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I am using SAS in order to predict the probability that a borrower will default on his loan based on his age group. The variable age is divided in to 4 age groups.

group 1 has 1315 customers and out of them 152 defaulted (11.6%)

group 2 has 5527 customers and out of them 360 defaulted (6.51%)

group 3 has 4134 customers and out of them 152 defaulted (4.11%)

group 4 has 2885 customers and out of them 72 defaulted (2.5%)

I ran a logistic regression in SAS where category 4 is treated as the base category receiving a coefficient 0 while the coefficients for groups 1,2,3 are 0.8435,0.2144 and -0.2709 respectively, the intercept is -2.8783. The thing that does not make sense to me is the sign of the coefficient of group 3.I don't understand how can it be negative if this group has higher default rates then group 4, I mean wouldn't the negative value imply that a customer in group 3 has lower log odds then a customer in group 4? is this possible given we now that group 3 has more defaults? I am still not sure if my mistake/misunderstanding is related to statistics or this may be some technical mistake in my SAS code. I doubled checked the code, it seems that the coding is correct.

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1 Answer 1

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I suspect it is your use of SAS, not the model. I tried to reconstruct your data and run it through R:

dats <- data.frame(group=rep(as.character(1:4), c(1315, 5527, 4134, 2885)), defaulting=0)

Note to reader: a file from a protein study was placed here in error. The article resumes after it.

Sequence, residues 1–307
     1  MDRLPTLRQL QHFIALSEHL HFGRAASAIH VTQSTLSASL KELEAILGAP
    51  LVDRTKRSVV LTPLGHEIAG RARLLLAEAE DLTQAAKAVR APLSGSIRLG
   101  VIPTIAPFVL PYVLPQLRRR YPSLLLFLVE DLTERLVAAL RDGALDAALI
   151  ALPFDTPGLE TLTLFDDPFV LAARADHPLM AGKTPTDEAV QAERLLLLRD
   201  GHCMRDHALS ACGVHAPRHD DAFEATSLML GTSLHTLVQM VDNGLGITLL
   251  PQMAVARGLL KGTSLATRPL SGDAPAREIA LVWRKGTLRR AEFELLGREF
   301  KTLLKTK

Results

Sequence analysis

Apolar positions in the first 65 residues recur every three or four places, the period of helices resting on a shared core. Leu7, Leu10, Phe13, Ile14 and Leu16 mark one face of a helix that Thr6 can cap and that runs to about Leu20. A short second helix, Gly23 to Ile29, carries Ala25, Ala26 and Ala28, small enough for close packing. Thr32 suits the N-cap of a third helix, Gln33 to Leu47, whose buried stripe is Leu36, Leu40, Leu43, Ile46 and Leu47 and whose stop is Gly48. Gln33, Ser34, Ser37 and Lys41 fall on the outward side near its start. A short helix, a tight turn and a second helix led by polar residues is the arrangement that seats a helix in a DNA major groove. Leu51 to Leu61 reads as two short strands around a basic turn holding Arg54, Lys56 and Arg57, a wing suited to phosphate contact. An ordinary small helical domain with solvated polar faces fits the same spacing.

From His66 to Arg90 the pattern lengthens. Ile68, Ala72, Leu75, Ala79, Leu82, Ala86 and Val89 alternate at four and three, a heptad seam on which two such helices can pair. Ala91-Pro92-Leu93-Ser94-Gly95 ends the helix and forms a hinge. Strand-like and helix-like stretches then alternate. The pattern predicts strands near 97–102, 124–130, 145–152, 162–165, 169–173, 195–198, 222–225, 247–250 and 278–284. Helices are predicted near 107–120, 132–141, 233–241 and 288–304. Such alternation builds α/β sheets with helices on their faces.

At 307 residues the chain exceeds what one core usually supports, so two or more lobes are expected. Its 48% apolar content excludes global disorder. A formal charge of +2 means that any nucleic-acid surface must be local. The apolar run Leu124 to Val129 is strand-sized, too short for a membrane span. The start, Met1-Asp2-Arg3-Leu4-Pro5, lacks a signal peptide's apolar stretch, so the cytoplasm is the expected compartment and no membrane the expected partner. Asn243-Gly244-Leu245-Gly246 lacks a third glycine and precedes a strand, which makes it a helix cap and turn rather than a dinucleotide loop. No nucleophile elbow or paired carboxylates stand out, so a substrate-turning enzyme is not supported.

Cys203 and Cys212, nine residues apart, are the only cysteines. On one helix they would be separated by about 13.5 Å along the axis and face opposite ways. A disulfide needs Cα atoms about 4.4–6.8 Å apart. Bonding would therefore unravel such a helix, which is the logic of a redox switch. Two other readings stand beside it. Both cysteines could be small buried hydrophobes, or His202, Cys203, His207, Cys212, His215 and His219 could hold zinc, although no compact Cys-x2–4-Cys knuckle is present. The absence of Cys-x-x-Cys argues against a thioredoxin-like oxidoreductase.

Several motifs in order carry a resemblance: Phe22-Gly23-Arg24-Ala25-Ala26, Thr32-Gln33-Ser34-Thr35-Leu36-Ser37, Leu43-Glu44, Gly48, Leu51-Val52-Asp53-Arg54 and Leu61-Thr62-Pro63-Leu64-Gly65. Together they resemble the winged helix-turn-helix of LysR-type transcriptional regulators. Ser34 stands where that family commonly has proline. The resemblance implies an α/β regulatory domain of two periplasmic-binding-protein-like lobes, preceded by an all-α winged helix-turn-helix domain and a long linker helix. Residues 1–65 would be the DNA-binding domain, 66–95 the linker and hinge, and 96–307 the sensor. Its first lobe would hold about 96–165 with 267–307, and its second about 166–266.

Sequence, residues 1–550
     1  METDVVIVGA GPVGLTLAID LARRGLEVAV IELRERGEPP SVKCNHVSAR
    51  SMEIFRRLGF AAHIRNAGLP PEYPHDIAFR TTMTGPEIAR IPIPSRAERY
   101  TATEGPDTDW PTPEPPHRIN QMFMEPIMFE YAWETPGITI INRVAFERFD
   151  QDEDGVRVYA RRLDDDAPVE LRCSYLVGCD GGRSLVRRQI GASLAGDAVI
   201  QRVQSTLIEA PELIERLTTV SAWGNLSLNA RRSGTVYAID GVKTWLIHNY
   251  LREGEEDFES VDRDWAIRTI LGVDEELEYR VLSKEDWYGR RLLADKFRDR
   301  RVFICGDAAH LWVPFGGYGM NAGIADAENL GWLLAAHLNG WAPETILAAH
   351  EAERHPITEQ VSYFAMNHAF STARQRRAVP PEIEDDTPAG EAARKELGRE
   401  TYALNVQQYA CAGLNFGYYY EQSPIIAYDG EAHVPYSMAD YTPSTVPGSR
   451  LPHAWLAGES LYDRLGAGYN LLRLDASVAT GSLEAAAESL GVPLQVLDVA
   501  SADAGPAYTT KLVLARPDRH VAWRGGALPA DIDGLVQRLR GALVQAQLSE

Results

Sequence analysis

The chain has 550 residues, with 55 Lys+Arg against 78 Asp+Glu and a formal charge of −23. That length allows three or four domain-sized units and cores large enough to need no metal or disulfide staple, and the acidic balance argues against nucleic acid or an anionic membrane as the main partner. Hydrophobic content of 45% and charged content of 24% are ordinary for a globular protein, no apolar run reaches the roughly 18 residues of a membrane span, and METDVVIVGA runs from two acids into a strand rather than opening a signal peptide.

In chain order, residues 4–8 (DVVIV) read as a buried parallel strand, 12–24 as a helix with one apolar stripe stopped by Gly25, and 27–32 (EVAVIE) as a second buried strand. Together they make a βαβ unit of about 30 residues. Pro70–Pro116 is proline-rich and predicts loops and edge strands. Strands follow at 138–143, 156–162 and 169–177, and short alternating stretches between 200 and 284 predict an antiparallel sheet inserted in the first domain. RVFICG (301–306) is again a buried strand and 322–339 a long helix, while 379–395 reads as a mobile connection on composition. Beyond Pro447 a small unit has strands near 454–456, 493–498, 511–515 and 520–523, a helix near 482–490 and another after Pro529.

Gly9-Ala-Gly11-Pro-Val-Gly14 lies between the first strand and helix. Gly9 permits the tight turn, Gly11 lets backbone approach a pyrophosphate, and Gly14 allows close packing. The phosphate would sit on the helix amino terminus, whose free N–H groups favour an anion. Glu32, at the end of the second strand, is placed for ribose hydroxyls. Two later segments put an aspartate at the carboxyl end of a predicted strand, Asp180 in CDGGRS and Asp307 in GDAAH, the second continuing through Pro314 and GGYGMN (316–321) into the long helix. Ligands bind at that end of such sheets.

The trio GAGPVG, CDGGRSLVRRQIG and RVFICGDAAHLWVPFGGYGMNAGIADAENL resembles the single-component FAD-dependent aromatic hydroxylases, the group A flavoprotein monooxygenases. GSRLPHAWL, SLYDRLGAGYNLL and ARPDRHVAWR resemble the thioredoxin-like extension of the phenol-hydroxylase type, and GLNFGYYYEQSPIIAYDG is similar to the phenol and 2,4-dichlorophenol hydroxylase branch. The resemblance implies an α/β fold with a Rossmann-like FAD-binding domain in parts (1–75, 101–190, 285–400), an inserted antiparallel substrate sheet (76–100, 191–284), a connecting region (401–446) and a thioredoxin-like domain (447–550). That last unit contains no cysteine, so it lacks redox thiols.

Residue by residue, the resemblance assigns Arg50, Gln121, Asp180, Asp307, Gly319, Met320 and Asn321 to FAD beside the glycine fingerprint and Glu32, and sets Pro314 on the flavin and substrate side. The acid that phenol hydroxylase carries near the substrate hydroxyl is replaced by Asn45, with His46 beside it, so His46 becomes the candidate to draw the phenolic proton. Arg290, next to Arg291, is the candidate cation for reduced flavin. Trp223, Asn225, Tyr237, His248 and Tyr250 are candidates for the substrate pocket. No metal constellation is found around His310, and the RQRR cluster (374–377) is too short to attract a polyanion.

dats$defaulting[1:152] <- 1
dats$defaulting[1316:(1315+360)] <- 1
dats$defaulting[(1315+5527+1):(1315+5527+152)] <- 1
dats$defaulting[(1315+5527+4134+1):(1315+5527+4134+72)] <- 1
dats$group <- factor(dats$group, levels=c("4", "1", "2", "3")) # puts group "4" as reference
table(dats) # check data setup: fine

fm <- glm(defaulting ~ group, data=dats, family=binomial)
summary(fm)

The (snipped) output is:

Coefficients:
            Estimate Std. Error z value Pr(>|z|)    
(Intercept)  -3.6653     0.1193 -30.711  < 2e-16 ***
group1        1.6305     0.1473  11.073  < 2e-16 ***
group2        1.0014     0.1312   7.632 2.31e-14 ***
group3        0.3997     0.1452   2.753   0.0059 ** 

All estimates are positive, relative to group 4, as you wrote you'd expect them. I am not familiar with setting the intercept of group 4 to 0. Since the exponentiated estimates are interpretable as odds ratio, I am fairly happy with this output.

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  • $\begingroup$ thanks fro the answer, $\endgroup$
    – leeneumann
    Feb 11, 2020 at 14:24
  • $\begingroup$ thank you very much for the help, I will review the code again. I read posts about people saying that logistic regression output is different in R and SAS when used on the same data, in your opinion could there be a situation where a code is correct and the two software's are giving different results because the optimization technique is different? $\endgroup$
    – leeneumann
    Feb 11, 2020 at 14:32
  • $\begingroup$ Most certainly not. The likelihood of this problem is simple and smooth, so optimisation should not be a source of difference. Maybe you want to post your SAS code for comparison? It's been a while that I regularly used SAS, though. $\endgroup$
    – Carsten
    Feb 12, 2020 at 8:46

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